“You cannot learn to love art, unless you first love what art mirrors.” – John Ruskin
The paintings of local artist David Strom are a familiar sight in our small town. So familiar are his works to our family that years ago, when we were viewing Monet’s haystacks at the Minneapolis Institute of Art, my son informed the docent that they reminded him of David Strom’s grain bins. I’m not sure what the docent thought.
When a young lady in our Charlotte Mason community for high schoolers, The Hive, asked about the huge paintings by David that hang over our meeting table, I thought it might be a good thing to have him come and speak to the students. The Hive meets at a local coffee shop in the back room. We get together twice a month with the students doing most of the work at home. When we come together, we have a grand conversation about what we have read, written, and thought. We finished an inspiring morning of discussion, noticing the connectivity between Lewis’ Mere Christianity, Mason’s Ourselves, and the U.S. Constitution. The maps and microscopes, journals and hydras were tucked away. It was time for our guest.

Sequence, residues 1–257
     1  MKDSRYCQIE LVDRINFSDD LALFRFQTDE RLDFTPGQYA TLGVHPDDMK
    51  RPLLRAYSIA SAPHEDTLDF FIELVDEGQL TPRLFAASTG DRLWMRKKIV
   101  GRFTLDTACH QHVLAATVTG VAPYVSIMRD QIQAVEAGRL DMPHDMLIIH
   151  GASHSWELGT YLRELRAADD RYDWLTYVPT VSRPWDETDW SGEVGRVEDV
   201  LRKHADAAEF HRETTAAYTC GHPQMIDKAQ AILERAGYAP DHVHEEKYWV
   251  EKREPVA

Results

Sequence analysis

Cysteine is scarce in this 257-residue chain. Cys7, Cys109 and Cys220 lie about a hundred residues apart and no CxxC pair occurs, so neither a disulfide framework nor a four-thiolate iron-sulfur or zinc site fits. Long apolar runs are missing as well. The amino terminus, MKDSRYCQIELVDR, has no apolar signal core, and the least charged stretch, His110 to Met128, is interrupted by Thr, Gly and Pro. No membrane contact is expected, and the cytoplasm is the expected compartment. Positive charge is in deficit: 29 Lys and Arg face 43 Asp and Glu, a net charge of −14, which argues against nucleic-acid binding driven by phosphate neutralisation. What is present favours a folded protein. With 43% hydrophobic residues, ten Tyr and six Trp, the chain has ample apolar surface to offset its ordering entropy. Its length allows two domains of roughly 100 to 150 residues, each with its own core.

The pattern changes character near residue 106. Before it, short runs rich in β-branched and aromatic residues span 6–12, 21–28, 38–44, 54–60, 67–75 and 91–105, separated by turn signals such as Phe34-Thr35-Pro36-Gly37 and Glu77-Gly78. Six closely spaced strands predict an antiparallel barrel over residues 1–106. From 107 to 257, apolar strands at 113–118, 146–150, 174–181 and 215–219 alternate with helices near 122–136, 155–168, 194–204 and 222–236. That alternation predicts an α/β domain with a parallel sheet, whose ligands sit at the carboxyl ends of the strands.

In bounced David with a coffee to go in his hand. He described to us how the prairie landscape has fueled his imagination, how he loves the grain bins on farms and how they turn into huts in his mind. Then we jumped in our vehicles (it was 10 degrees outside) to visit his airy studio, fashioned after an old chicken coop with light streaming in the windows along the roof. He played a record of Laura Nyro while he spoke to us which gave the room an upbeat, 70s vibe.
“I’m the king of pregnant pauses,” he told us as he referred to his notes for the fifth time. He slowly described his creative process to us as he showed us piece after piece of art in various stages. We learned that sometimes he works on a piece over the course of decades. He advised the students to look at things from different perspectives, to persevere with an idea, and to read widely.
Introducing our students to as many local artists as possible is important and inspiring. It is something we hope to incorporate much more of at The Hive. Knowing that the man who runs the Hallmark store and arranges flowers for a living is also an accomplished artist can’t help but give them a different view of how art might fit into their lives. It makes for wider living.
I have to add one more thing. Before we left, David pulled out a very special painting. It was his first oil painting done as a 15-year-old in 1965. The painting was of my present home, some thirty years before I knew it existed.
Copyright 2013 Nancy Kelly
Nancy writes about her experiences living and teaching with the Charlotte Mason philosophy and method at her blog, Sage Parnassus – http://sageparnassus.blogspot.com/ .